It’s an amus­ing lit­tle irony of exploita­tion film his­to­ry that Fred Lincoln, who played one of the scari­est screen sociopaths ever in Last House On The Left, would lat­er go on to direct a (lit­er­al­ly) touchy-feely “cou­ples movie” for the adult film mar­ket.

The film in ques­tion is called Oui Girls and starts off as a riff on detec­tive films, with Nick (Paul Thomas) enlist­ing the help of his nubile but inex­pe­ri­enced assistant Barbara (Anna Ventura) in an under­cov­er oper­a­tion.  He wants to inves­ti­gate a case of mur­der-for-insur­ance and that requires the two to pose as a hus­band-wife team at a swinger’s hotel.

That said, the script for Oui Girls must have been writ­ten on the backs of cock­tail nap­kins because it gets mud­dled as soon as they reach the hotel and the sex begins.  In fact, the plot gets blithe­ly thrown away about two-thirds of the way in.  However, fans of vin­tage erot­i­ca won’t care because Lincoln fills the run­ning time to the brim with plen­ty of sex sce­nes that incor­po­rate the likes of Lisa DeLeeuw and Sharon Kane (she looks like a butch, new wave ver­sion of Courtney Love here).

Lincoln is pret­ty enthu­si­as­tic in his stag­ing the set­pieces, par­tic­u­lar­ly a “swinger’s par­ty” that clos­es the film.  He occa­sion­al­ly gets fan­cy with cin­e­mat­ic tech­nique, like a mem­o­rable scene where two lovers do a sort of bal­let-styled dance as fore­play and then have sex that is just as chore­o­graphed and dra­mat­i­cal­ly edit­ed.  Overall, it’s an amus­ing­ly goofy exam­ple of the “cou­ples movie” that offers kitschy fun for fans of this mate­ri­al, com­plete with a campy the­me song penned by star­let Tiffany Clark.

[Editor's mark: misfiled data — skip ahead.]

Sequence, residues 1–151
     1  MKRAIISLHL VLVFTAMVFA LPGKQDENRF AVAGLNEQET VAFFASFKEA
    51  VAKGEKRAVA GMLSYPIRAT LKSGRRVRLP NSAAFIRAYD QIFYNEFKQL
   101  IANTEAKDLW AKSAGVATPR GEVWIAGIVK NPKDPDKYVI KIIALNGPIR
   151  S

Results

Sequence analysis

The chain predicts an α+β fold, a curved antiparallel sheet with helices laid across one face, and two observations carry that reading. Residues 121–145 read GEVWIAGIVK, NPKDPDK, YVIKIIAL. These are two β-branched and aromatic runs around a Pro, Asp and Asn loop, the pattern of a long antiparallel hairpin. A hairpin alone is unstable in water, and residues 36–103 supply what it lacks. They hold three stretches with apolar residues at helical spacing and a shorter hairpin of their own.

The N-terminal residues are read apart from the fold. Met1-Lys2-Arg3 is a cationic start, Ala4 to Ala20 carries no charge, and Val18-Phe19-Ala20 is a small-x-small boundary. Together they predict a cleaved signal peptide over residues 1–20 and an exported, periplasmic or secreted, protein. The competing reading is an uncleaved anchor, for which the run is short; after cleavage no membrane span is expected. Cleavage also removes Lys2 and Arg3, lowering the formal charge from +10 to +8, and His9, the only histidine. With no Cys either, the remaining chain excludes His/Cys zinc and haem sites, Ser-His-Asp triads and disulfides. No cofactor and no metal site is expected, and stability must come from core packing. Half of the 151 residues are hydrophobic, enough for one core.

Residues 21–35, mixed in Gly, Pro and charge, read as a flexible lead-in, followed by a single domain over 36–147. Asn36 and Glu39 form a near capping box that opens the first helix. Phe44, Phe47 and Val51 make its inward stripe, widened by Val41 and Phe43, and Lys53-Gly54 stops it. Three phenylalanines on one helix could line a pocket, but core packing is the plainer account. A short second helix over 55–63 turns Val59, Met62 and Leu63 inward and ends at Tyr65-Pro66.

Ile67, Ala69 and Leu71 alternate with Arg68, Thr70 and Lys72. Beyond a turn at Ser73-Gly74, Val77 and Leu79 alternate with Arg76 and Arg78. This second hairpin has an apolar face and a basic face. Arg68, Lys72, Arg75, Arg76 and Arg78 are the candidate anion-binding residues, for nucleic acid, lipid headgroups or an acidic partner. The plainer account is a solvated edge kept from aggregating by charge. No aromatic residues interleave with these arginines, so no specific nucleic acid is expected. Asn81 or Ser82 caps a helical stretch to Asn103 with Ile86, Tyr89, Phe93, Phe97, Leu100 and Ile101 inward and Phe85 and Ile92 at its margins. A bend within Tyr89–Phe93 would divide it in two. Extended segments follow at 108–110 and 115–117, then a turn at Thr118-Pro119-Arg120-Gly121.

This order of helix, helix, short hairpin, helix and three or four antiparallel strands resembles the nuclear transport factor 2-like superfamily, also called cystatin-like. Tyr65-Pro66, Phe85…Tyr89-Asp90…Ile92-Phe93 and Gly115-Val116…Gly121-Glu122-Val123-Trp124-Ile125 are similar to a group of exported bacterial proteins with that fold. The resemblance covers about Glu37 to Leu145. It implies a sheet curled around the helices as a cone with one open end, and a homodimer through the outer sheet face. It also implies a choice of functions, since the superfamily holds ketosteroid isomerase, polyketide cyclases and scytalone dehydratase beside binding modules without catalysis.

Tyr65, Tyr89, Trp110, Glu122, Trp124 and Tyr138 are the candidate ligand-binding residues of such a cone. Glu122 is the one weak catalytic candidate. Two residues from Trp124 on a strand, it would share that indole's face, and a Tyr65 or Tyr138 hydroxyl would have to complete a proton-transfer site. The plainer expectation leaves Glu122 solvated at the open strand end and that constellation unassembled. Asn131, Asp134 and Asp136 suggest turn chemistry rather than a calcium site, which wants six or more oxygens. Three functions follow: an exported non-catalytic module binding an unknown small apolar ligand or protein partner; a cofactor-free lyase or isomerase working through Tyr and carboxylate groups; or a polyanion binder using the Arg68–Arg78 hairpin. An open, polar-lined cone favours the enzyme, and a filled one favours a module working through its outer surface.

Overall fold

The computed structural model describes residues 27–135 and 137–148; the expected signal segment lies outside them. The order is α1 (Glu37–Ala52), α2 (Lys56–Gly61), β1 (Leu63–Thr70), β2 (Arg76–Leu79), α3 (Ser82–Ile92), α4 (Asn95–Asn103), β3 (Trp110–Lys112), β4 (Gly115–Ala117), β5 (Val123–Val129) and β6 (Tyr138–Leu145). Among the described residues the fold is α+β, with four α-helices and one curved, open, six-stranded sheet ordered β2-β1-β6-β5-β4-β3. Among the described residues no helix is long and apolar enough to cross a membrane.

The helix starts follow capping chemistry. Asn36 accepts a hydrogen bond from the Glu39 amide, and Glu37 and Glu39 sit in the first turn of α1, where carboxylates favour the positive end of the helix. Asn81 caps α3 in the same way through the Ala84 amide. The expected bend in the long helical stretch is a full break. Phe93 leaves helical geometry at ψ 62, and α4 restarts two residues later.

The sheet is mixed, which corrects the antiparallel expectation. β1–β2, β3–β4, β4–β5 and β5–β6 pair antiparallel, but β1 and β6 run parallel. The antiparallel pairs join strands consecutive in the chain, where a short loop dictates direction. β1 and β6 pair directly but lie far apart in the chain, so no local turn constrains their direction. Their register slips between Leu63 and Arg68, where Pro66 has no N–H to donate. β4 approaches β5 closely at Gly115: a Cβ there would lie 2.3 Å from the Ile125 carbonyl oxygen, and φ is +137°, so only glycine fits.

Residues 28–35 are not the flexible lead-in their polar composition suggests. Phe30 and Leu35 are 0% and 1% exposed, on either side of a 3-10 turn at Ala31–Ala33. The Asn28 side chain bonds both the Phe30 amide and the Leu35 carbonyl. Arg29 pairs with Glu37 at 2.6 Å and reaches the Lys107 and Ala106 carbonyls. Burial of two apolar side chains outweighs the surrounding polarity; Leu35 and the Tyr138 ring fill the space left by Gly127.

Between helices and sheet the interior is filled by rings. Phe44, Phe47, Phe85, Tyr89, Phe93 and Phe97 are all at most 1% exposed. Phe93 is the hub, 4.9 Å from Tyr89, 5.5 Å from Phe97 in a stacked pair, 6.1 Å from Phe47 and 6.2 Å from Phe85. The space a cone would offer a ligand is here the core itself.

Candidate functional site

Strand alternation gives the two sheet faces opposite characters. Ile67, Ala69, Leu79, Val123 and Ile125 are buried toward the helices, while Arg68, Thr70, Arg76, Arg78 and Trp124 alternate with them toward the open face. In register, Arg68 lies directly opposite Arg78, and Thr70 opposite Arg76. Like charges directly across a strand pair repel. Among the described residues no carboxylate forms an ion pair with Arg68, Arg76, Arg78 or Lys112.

DVD Notes: Impulse Pictures fol­lows up past Fred Lincoln DVD’s like Same Time Every Year and Serena: An Adult Fairytale with a new, anamor­phic trans­fer of this film.  The ele­ments used are a lit­tle tat­tered near the begin­ning and end but the major­i­ty of the trans­fer looks sharp and col­or­ful.  Fans of vin­tage adult fare will want to pick it up, as it’s still a rar­i­ty to get prop­er cel­lu­loid-based trans­fers of films this old.